Like Jacob, I wrote for two outlets. It’s quite interesting to see how the story changes almost entirely for each outlet.
For British Beekeepers Association News…
Bumblebee flight continue to astound scientists
There is an old myth that bumblebees shouldn’t be able to fly. The maths just doesn’t work. A new study from scientists at Oxford University shows that bumblebee flight is indeed more about power than finesse.
The researchers trained bees to fly along a wind tunnel erected between their hive and pollen-rich cut flowers. Smoke in the wind tunnel is disturbed by the flight, making visible the way that bees disturb the air around them. A high-speed camera captured the flight, and those images were analysed to develop a model for the motion of bees in flight.
The idea is very similar to the computer modelling used by swimmers to examine how efficient their stroke is through the water. But unlike athletes, bumblebees have not developed to move efficiently. In fact, the new study shows that the movement of air around the bee betrays a very uneconomical flying technique.
‘We found that bumblebee flight is surprisingly inefficient,” said Dr Richard Bomphrey, co-author of the report. He explained how a bee’s left and right wings do not flap in sync. And nor does the air flow around the two sides meet up, which would help make the flight more aerodynamic.
His colleague, Professor Adrian Thomas offered a possible reason for the evolution of such a disastrous technique: “a bumblebee is a tanker-truck, its job is to transport nectar and pollen back to the hive. Efficiency is unlikely to be important for that way of life.”
So the flight path between flower and hive resembles the slow lane on the M1 and not a quiet stretch of the Autobahn. But the brute force bees need to keep themselves going is spectacular in its own way. They are the powerhouses of the insect world, defying the mathematics that says they shouldn’t even get off the ground.
Can bees teach us how to fly?
Scientists have shown that bumblebees use a unique technique to propel themselves through the air. In a study published in May in Experiments in Fluids, a team from the Zoology department in Oxford examined the air flow profile of a flying bee. The pattern of vortices created in the air surrounding the bee in novel.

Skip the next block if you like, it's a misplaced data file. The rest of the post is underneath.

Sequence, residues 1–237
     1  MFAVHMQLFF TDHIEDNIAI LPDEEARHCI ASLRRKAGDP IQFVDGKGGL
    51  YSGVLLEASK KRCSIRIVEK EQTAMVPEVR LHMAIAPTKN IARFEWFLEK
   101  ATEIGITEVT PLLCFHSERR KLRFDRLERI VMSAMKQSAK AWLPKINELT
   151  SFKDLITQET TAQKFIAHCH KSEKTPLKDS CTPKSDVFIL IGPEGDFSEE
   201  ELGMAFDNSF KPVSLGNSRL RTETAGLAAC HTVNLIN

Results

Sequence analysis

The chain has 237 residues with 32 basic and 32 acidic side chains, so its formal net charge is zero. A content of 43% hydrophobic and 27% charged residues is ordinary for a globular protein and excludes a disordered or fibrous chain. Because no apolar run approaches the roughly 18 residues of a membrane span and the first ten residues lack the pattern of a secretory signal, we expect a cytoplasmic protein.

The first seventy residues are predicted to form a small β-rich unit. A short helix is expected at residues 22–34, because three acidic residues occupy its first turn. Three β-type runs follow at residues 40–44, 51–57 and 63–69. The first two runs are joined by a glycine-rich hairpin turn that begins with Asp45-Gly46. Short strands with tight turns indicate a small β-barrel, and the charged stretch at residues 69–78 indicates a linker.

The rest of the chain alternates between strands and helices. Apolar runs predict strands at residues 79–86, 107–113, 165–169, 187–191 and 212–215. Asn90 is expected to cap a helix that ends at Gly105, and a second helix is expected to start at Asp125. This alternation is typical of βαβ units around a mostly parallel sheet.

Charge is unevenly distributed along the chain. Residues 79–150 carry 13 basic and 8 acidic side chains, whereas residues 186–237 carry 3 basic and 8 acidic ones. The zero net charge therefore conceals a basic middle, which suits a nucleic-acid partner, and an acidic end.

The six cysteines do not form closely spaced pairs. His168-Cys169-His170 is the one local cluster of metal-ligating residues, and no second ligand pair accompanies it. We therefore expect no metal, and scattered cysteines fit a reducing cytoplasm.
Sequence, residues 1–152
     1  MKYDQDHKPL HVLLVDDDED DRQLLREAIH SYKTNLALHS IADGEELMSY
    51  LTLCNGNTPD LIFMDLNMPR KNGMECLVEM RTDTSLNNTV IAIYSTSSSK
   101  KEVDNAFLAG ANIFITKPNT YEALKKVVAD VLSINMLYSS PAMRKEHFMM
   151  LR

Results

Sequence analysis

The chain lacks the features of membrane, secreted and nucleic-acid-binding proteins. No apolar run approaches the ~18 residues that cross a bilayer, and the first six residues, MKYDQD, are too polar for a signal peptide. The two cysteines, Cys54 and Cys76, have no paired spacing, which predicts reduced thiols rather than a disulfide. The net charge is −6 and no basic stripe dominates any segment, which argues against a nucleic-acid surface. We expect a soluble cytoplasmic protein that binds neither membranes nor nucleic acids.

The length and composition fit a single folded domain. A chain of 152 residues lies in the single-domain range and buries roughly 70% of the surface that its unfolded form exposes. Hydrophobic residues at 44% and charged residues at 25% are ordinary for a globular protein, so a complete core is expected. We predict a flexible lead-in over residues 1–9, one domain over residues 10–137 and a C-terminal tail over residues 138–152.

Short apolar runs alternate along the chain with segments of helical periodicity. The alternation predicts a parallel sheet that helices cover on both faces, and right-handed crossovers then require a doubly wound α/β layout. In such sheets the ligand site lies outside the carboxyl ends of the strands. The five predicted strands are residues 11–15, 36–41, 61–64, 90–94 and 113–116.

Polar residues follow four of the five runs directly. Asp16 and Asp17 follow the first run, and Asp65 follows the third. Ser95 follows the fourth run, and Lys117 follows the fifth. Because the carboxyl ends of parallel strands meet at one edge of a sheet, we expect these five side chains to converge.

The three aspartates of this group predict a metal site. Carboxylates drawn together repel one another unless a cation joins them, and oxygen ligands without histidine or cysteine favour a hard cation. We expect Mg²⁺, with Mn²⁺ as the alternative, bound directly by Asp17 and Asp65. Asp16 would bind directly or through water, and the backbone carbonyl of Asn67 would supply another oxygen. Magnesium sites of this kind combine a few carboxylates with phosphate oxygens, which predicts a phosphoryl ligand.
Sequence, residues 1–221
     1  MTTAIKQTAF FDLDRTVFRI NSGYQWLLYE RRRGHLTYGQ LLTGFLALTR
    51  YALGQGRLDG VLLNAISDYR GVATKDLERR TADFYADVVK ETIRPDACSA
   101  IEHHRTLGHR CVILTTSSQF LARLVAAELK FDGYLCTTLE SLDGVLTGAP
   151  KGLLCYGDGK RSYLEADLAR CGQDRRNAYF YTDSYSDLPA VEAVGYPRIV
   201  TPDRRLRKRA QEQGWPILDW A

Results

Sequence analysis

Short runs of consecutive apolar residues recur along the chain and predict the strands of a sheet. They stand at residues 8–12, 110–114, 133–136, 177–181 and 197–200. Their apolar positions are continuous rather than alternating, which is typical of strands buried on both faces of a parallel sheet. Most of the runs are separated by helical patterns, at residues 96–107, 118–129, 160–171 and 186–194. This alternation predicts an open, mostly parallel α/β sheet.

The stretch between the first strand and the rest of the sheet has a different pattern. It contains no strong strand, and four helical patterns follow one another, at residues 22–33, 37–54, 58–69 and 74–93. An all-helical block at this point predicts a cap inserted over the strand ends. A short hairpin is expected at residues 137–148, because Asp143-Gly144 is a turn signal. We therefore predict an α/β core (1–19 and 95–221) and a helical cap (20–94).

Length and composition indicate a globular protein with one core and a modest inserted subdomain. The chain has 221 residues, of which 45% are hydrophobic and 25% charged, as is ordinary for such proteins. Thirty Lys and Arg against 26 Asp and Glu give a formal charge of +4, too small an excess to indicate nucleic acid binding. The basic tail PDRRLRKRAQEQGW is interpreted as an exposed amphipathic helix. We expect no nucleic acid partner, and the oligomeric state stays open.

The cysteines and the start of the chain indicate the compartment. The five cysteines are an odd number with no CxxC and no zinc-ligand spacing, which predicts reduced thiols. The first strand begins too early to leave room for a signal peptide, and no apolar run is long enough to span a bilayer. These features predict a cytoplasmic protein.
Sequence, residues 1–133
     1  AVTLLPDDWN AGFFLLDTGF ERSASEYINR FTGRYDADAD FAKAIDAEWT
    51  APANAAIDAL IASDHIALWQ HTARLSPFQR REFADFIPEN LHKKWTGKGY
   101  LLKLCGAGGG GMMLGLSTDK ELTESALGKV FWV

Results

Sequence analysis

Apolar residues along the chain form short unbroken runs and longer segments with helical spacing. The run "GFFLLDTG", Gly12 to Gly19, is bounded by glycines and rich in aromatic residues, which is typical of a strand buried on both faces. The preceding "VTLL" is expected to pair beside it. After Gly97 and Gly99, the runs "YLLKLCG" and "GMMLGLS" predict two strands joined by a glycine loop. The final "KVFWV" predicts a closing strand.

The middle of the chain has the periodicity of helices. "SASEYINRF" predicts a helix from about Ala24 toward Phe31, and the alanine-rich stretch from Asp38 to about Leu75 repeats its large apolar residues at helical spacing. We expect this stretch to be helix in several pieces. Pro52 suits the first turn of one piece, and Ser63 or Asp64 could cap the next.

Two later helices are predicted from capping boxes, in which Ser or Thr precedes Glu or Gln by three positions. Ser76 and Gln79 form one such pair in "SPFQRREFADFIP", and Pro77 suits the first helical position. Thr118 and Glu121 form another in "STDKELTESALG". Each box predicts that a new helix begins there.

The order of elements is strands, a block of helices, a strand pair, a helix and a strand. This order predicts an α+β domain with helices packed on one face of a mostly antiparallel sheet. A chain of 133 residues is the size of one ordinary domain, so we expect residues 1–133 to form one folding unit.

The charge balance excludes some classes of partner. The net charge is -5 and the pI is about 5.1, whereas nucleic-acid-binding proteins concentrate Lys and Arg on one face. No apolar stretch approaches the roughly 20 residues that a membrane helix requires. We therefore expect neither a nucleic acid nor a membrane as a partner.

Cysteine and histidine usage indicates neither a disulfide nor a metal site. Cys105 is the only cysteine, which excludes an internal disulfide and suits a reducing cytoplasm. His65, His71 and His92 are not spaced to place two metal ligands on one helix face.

Unfortunately, this novelty is unlikely to be useful for physicists and engineers interested in biomimetic developments in flight technology. The bee’s flying technique only makes it less efficient.
Like other insects and like aeroplane wings, a bumblebee creates a leading edge vortex during flight. It separates the air flow coming towards it at the front edge of its wings and flies by exploiting the resulting pressure difference above and below the wing.
But most insects also create other vortices, called root and tip vortices. The bee does not. Other insects and birds also co-ordinate right and left wing motion to maximise their propulsion. The bee does not do this either.
“We found that bumblebee flight is surprisingly inefficient,” said Dr Richard Bomphrey, co-author of the study. He added that the technique could have evolved to make bumblebees more manoeuvrable in the air – a facet that might be more valuable for bees than speed through the air.
So, although bees are inefficient flyers, their propulsion technique could be useful for research in other areas. If bees can be shown to have increased control over movement, then they offers a potential model for improving the control we have over airbound vehicles such as helicopters.
More research is needed before we can know if there is any application. But there is a possibility that the bumblebee, the famous example of an animal that flouts the engineering principles of flight, could help us improve our air technology.